Social Parlor

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A spectral furrier from a former era isn’t a happy camper.



This block long building housed a variety of smaller shops, with a restaurant/bar near the corner of Francis Street and North 9th Street.

As of Sept. 2008, the businesses located in this building appear to be closed, and the building itself is up for sale. While the building itself appears to be in fairly good shape, the location is a bit run-down, in need of renovation. St. Joseph needs to revitalize, spruce up its historic downtown. Making the buildings and commercial activity more appealing, would give people a reason for going down town, like so many other cities have done.


The Social Parlor was a small business that looks like they were trying to make a living through the party & event venue business. It had a stuccoed front, painted bright colors. Looking in the glass in the door, one can see purple streamers, still hanging from the ceiling in its entry way.

It was across the street from an ugly, gray employment building. Around the corner on N. 9th, is a large apartment building, from a much earlier time, in need of TLC and paint.

Around the turn-of-the-century, this downtown section used to be up and coming, bustling with business, attracting commercial endeavors, which created opportunities to prosper financially.

Many businesses set up shop in these store fronts over the years. As St. Joseph expanded, the suburbs grew, drawing businesses and people away from the downtown area, making it harder and harder to make a business a successful money-maker.



In the Social Parlor commercial space, one of the businesses which occupied it was a fur shop and a furrier, who must have appealed to the upper-class and wealthy folks of St. Joseph, probably sometime in the eras spanning the mid to late 19th century/early 20th century, before synthetics and factory-made clothes were popular. In cold climates, fur was used for coats and other wraps/hats to keep people not only from freezing, but could also be a status symbol of personal wealth.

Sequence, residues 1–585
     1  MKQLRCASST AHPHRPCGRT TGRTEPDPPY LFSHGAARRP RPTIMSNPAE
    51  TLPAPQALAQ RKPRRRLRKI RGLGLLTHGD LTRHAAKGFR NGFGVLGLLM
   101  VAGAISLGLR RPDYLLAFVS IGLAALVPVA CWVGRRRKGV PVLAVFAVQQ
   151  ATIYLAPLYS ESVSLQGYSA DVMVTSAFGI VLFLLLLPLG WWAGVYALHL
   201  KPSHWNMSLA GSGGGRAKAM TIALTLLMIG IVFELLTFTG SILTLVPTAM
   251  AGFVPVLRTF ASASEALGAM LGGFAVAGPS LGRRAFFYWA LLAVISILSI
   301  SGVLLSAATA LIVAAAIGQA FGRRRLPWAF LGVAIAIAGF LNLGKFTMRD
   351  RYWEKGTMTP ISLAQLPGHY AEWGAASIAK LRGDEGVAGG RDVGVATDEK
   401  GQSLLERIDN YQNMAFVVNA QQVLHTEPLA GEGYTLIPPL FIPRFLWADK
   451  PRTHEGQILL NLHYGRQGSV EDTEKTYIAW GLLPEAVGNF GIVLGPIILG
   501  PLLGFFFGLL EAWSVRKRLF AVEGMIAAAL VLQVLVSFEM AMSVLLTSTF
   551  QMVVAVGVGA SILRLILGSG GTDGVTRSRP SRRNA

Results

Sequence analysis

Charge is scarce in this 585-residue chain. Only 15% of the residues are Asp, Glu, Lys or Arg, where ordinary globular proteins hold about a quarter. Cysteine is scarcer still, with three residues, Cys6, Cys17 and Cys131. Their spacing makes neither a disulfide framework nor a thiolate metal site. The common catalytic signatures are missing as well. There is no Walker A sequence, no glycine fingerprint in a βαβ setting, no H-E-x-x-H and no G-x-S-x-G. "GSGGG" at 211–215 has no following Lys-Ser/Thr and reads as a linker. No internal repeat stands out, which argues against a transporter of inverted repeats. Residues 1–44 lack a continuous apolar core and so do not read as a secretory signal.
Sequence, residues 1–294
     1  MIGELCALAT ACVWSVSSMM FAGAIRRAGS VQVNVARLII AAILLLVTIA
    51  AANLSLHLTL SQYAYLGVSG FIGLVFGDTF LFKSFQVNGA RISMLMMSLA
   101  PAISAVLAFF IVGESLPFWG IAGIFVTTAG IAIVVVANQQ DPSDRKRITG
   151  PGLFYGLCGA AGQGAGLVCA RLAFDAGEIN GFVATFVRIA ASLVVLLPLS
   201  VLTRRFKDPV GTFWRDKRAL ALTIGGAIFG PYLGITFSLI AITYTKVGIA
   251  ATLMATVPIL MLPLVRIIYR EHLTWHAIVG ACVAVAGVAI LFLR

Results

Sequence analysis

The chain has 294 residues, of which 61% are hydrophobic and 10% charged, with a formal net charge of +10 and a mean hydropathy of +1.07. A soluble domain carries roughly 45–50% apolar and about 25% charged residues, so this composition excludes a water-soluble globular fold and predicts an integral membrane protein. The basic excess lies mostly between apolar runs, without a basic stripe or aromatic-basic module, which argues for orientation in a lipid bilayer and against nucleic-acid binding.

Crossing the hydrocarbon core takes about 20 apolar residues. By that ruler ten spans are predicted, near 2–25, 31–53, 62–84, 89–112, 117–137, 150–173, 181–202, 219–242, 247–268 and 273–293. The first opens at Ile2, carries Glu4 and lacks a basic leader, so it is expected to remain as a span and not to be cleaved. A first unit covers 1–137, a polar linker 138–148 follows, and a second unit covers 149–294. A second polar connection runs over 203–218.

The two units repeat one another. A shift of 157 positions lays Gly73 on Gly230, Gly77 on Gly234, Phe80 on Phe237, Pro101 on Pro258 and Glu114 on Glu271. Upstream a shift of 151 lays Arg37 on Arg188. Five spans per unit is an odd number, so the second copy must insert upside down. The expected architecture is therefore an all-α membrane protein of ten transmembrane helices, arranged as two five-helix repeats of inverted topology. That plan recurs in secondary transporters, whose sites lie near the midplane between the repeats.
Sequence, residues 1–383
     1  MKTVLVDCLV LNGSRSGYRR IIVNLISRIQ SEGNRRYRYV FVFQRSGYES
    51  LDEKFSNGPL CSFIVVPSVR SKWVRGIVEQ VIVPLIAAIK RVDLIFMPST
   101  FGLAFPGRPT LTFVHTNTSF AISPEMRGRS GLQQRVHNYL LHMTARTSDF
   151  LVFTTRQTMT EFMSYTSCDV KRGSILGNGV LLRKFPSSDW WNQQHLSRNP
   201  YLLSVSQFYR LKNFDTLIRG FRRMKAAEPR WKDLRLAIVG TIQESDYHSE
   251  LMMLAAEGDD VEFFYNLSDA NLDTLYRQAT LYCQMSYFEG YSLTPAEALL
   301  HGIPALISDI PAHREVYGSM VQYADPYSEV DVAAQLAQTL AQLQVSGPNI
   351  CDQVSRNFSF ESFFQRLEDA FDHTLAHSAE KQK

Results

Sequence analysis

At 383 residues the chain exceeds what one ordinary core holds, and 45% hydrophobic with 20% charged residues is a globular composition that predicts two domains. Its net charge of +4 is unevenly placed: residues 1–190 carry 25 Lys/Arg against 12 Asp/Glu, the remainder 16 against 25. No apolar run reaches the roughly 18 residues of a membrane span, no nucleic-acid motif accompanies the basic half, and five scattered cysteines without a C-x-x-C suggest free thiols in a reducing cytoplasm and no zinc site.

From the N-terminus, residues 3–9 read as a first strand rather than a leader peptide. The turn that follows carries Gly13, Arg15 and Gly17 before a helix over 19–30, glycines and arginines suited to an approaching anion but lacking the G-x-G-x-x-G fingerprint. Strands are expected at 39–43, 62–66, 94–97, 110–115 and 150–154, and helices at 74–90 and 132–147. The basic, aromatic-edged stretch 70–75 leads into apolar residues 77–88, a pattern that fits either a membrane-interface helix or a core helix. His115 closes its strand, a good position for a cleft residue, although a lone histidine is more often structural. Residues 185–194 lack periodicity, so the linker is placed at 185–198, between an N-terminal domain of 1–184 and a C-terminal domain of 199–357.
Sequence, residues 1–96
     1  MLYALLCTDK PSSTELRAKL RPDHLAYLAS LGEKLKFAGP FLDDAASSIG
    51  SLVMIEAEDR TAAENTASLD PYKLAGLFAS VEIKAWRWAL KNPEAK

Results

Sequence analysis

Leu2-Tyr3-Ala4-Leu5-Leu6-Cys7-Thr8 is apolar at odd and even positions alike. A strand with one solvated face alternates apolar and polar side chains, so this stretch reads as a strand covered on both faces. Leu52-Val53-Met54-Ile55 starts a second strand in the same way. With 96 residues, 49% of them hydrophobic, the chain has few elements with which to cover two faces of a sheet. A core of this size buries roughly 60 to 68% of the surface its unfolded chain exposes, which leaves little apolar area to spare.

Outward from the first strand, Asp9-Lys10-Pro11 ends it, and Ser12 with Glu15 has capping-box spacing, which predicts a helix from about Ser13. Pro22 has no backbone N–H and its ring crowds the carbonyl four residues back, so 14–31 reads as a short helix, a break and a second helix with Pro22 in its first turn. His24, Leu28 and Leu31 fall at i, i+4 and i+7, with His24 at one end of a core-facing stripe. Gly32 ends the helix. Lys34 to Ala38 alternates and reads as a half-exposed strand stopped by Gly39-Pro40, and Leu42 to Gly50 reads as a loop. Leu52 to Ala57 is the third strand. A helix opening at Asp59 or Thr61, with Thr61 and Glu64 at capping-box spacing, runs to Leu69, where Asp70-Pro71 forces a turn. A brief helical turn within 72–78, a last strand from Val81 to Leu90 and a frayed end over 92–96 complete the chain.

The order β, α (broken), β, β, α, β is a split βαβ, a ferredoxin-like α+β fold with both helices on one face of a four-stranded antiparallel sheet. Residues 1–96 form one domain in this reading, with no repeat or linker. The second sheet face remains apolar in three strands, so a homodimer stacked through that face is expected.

The furrier would sew together a variety of furs, from common to the more expensive in made-to-order clothing requests from customers.

I imagine this line of work was exact, with high standards in product control, and I bet was a bit stressful at times. There was plenty of work required to be done for clients who had high expectations. If they were not pleased with what they bought, or how long it took to receive their order, bad word of mouth in a small town could bring economic problems.



The entity who haunts this space has been identified as being from this furrier business.

His clear, probably see-through apparition is detailed enough to identify his occupation as furrier.

I bet he has been seen going about his business, perhaps carrying fur garments he is working on for customers.

Perhaps he has been seen sewing garments together, trying to finish an order on time.



Yes indeed!

Eye witnesses have long reported this dedicated furrier, trying to finish an order.

Perhaps he had died suddenly, leaving garments unfinished. He can’t let go of this world because of an overwhelming need to get his projects done, which is what is keeping him in this world.



805 Francis Street
St. Joseph, MO 64501

The building in which this now closed business can be found, is located on Francis Street, between N. 8th and N. 9th, in the heart of the historic business district which was built so long ago.





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